Sylvia Landry is adopted by Black sharecroppers. She is mixed-race. Her new parents love her as their own. Despite the rigors of sharecropping, they raise her well. Sylvia becomes a schoolteacher. She travels to Boston to raise money for a new school and on her trip, she is hit by a car. The white woman driving is overcome with guilt and writes a $50,000 check to support Sylvia’s school. Her father is wary of the charity and tired of the struggle. One day he has enough and confronts their white landlord over money. A fight ensues. The landlord is shot by another white man, but Sylvia's adoptive father is accused and lynched with her adoptive mother. In her despair, Sylvia is cornered and narrowly escapes attempted raped by the landowner's brother. She discovers that the attacker is her biological father.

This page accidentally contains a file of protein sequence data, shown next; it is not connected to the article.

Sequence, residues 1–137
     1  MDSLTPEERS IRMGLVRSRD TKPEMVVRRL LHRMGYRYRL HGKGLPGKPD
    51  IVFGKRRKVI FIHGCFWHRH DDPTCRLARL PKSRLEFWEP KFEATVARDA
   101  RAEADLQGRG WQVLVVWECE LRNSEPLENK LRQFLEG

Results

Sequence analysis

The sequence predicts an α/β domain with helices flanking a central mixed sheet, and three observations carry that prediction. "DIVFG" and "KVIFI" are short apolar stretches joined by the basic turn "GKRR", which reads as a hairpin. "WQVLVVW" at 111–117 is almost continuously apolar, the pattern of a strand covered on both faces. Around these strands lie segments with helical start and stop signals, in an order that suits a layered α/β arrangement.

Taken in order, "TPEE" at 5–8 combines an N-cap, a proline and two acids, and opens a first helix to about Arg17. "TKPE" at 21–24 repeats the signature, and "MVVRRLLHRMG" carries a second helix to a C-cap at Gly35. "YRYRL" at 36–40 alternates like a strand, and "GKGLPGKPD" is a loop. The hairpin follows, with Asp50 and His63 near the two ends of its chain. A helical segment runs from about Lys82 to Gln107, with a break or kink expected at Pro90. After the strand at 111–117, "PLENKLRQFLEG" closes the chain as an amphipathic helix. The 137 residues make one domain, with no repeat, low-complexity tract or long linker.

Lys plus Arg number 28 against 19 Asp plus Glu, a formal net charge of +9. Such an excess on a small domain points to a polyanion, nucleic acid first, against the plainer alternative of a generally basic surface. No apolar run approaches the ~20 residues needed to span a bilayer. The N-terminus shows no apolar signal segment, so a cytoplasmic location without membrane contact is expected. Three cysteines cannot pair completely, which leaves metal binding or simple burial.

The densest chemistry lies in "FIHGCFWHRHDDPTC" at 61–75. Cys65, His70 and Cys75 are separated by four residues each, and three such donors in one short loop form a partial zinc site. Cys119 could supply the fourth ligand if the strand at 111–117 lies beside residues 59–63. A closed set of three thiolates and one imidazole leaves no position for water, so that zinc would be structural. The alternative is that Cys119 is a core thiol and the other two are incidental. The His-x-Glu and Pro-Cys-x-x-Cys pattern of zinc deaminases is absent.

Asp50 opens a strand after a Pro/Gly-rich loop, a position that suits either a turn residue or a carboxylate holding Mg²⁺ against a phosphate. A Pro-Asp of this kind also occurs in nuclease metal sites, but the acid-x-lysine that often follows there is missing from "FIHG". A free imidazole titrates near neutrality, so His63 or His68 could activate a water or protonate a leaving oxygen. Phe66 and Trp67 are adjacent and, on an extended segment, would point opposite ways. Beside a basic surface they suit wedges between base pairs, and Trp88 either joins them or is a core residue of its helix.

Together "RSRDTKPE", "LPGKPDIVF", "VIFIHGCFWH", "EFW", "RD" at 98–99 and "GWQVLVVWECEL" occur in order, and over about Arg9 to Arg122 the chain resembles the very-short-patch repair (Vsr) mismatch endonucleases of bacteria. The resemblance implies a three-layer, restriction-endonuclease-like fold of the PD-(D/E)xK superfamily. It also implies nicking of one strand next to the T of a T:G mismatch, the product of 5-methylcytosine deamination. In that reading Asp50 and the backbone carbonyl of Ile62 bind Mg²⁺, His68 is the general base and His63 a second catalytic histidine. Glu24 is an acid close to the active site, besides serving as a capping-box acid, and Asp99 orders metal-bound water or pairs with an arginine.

This is the plot of a silent film by Oscar Micheaux in 1920.
It was a smash hit.
A brilliant Black family. Self-sufficient. Serving their community. Rejecting handouts. Fighting back. Loving hard. And suffering under the terror of white supremacy.
It was a brave answer to The Birth of a Nation, the first Hollywood blockbuster, which served as Klan propaganda and stoked fear of Black liberation.
Oscar Micheaux was unafraid.
He made race films at the height of lynching in America.
He was an author…
…of 44 films.
The most successful Black filmmaker of the first half of the 20th century.
Join us as we learn how he rallied the resources and crew to do it.